The Kuiper Belt and the Oort Cloud
1. The Kuiper Belt
The Kuiper Belt is a belt of asteroids and comets that extends from the orbit of Neptune, at about 30 AU, to over 55 AU (one AU is the distance between the Earth and the Sun). Short-period comets, however, can travel up to 100 AU from the Sun, into a region known as the scattered disc. Short-period comets are comets that reappear within 200 years, like Halley’s Comet, which has a period of about 76 years[2a].
The Kuiper Belt was theorised shortly after the discovery of Pluto, and is named after Dutch-American astronomer Gerard Kuiper, who discussed the idea in 1951. The first Kuiper Belt objects were detected by British astronomer David Jewitt, and American astronomer Jane Luu, in 1992. The Kuiper belt is now thought to contain hundreds of thousands of objects over 100 km in diameter[2b], and over 1000 of these have been catalogued.
The Kuiper Belt and scattered disc contain at least four dwarf planets: Pluto, Eris, Haumea, and Makemake[2c]. The closest is Pluto, which was discovered by American astronomer Clyde Tombaugh and his colleagues in 1930, and demoted from planetary status in 2006.
Pluto, image from New Horizons. Image credit: NASA/JHUAPL/SWRI/Public domain.
Charon, image from New Horizons. Image credit: NASA/JHUAPL/SWRI/Public domain.
Pluto is mostly composed of rock and ice. Its mass is about one-sixth of the Earth's Moon and has an eccentric orbit, which sometimes takes it closer to the Sun than Neptune. Pluto has a number of moons, including Nix, Hydra, and Charon. Charon is the largest, with a diameter over half the size of Pluto's.
The Earth, and objects beyond the orbit of Neptune, sizes are to scale. Image credit: NASA/Lexicon/Public domain.
The Pioneer and Voyager probes all passed through the Kuiper Belt but did not get close to any large objects. The first spacecraft sent to explore the Kuiper Belt, NASA's New Horizons, was launched in 2006, and arrived at Pluto in 2015. Data from the New Horizons space probe has shown that Pluto is geologically active, and contains ice plains, flowing ice, and mountains.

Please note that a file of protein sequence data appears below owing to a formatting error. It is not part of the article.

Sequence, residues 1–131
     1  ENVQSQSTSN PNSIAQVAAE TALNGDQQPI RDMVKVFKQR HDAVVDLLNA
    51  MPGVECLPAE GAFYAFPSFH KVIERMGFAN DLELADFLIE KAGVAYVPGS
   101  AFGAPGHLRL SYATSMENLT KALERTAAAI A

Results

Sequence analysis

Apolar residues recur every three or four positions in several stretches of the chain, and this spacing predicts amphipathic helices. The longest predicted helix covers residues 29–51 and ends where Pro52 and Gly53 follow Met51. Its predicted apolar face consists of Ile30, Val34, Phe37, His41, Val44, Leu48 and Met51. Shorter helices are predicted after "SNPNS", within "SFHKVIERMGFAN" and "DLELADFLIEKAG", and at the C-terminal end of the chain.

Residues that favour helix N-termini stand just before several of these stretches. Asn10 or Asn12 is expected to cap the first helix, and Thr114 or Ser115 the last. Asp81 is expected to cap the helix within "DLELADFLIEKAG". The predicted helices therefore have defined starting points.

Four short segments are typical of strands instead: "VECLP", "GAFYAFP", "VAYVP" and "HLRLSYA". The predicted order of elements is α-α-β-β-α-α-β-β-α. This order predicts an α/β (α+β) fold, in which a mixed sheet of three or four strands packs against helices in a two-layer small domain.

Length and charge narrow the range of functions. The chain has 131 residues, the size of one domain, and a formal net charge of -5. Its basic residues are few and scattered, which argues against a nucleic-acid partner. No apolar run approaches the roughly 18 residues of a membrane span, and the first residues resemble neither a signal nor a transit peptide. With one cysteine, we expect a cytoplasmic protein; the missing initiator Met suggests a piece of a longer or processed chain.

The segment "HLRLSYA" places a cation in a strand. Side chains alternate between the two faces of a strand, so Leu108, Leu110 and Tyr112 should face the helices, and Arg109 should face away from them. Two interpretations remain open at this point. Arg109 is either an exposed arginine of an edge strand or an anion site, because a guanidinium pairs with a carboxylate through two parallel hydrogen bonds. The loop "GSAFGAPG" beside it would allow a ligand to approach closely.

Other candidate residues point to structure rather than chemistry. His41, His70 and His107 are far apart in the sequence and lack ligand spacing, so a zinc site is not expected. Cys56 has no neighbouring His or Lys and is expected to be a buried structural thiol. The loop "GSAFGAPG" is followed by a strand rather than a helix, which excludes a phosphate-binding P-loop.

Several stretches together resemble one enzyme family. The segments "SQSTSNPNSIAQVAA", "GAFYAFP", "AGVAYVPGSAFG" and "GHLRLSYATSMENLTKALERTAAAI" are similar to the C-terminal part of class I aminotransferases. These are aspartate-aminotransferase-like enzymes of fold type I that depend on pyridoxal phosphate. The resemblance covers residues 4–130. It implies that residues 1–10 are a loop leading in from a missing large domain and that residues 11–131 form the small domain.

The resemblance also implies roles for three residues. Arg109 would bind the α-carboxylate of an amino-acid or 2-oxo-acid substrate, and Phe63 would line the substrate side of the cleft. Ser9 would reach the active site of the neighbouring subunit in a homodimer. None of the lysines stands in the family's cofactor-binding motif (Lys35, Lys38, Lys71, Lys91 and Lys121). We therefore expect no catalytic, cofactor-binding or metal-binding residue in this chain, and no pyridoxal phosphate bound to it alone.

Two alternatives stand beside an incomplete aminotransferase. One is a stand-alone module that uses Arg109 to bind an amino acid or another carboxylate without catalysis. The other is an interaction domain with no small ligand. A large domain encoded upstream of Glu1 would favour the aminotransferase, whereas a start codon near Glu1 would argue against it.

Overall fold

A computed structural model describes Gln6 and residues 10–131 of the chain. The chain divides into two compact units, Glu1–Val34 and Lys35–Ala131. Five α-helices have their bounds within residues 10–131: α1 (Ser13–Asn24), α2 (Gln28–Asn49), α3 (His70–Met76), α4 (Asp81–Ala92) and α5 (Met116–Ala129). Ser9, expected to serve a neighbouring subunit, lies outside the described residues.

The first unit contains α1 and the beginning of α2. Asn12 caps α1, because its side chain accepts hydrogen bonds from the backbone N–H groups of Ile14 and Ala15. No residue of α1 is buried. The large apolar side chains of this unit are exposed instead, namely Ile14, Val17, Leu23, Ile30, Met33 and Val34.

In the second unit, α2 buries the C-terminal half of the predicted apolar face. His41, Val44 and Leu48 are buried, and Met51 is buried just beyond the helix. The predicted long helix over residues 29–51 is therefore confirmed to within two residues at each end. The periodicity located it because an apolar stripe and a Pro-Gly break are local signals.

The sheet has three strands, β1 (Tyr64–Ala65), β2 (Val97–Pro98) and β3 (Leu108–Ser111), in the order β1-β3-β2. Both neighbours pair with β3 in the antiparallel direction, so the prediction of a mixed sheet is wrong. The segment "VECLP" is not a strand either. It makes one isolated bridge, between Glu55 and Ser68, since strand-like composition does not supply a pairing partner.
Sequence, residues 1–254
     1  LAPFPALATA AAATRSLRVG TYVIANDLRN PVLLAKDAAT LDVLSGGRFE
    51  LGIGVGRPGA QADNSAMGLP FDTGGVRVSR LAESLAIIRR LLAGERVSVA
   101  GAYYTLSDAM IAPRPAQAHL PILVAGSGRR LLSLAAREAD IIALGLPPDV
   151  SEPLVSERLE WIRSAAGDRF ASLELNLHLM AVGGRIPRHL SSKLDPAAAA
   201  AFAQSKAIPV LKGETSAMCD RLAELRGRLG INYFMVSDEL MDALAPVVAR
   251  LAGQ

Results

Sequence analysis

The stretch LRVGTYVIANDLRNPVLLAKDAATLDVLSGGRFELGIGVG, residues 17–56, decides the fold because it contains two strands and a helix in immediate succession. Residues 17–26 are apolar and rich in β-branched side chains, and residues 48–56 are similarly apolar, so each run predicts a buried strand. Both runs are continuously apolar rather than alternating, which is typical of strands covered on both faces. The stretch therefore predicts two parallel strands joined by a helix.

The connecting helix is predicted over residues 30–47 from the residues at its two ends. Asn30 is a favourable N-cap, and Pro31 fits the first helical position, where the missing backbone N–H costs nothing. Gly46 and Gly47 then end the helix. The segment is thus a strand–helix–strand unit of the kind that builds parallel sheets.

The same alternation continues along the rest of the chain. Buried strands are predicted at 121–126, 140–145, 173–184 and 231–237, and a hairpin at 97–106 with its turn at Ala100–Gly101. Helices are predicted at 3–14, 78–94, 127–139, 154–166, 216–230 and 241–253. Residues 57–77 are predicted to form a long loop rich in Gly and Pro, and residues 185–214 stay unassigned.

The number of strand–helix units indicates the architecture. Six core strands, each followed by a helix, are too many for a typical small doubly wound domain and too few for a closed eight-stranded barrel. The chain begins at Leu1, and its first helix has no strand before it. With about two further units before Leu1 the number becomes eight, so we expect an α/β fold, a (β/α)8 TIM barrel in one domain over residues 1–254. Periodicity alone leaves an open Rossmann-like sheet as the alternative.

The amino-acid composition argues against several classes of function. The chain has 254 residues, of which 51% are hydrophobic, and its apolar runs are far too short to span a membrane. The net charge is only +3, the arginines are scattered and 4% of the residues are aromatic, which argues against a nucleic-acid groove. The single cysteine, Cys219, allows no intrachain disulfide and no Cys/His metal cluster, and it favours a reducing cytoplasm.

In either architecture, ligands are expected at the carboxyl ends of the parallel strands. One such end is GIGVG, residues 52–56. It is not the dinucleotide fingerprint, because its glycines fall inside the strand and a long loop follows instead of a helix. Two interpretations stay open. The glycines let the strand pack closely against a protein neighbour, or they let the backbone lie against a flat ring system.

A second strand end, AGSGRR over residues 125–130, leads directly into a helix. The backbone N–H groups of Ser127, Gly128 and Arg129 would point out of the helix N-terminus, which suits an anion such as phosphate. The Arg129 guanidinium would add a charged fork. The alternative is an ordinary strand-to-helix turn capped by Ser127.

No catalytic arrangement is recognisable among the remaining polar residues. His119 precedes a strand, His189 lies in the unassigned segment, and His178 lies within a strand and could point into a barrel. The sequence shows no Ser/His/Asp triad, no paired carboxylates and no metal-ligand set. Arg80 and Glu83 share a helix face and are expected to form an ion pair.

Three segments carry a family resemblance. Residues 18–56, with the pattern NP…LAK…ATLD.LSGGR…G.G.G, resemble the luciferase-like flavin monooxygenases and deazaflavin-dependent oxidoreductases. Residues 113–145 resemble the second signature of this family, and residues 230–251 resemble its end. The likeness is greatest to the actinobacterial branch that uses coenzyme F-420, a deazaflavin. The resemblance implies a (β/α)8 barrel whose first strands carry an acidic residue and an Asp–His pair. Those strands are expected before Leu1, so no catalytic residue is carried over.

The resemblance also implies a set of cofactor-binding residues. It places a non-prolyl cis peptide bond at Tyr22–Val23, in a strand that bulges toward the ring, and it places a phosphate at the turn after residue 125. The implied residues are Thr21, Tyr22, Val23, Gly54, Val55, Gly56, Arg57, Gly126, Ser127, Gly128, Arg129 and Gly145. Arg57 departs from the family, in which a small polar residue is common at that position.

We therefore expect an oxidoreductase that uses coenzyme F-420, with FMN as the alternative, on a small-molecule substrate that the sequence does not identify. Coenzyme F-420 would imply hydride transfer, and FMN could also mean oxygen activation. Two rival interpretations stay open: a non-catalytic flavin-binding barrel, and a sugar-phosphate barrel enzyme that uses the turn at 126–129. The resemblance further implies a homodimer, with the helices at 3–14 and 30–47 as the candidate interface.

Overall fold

There have been a number of missions to both short and long-period comets, including the European Space Agency's (ESA's) Rosetta mission, which involved landing on the short-period comet Churyumov-Gerasimenko in 2014.
2. The Oort Cloud ↑
The Oort Cloud is a spherical cloud of comets that orbit between about 5000 AU and 100,000 AU. This is over 1.5 light years, 2000 times further than the edge of the Kuiper Belt, and a third of the distance to the closest extrasolar star, Proxima Centauri.
Image credit: NASA/Public domain.
Oort Cloud objects are thought to be composed of frozen water, ammonia, carbon monoxide, hydrogen cyanide, and methane. They can be affected by the gravitational force of nearby stars, and this sometimes sends them towards the centre of the Solar System.
In 1932, Estonian astronomer Ernst Öpik suggested that long-period comets, such as Hale-Bopp, may originate from the Oort Cloud and this idea was extended by Dutch astronomer Jan Oort in 1950.
There have been no missions to long-period comets, and the Oort Cloud is so far away that the Pioneer, Voyager, and New Horizons probes will not pass into it for hundreds of years.
3. References ↑
↑ Kuiper, G. P. and Hynek, J. A. (ed), 1951, 'Origin of the Solar system' in 'Astrophysics: a topical symposium commemorating the fiftieth anniversary of the Yerkes Observatory and a half century of progress in astrophysics', McGraw-Hill.
↑ Slipher, V. M., 1930, 'Planet X-Lowell Observatory Observation Circular', Journal of the Royal Astronomical Society of Canada, 24, pp.282.
↑ IAU, 'IAU 2006 General Assembly: Result of the IAU Resolution votes', accessed 15-02-16.
↑ Öpik, E., 1932, 'Note on stellar perturbations of nearly parabolic orbits', Proceedings of the American Academy of Arts and Sciences, 67, pp.169-183.
↑ Oort, J. H., 1950, 'The structure of the cloud of comets surrounding the Solar System and a hypothesis concerning its origin', Bulletin of the Astronomical Institutes of the Netherlands, 11, pp.91-110.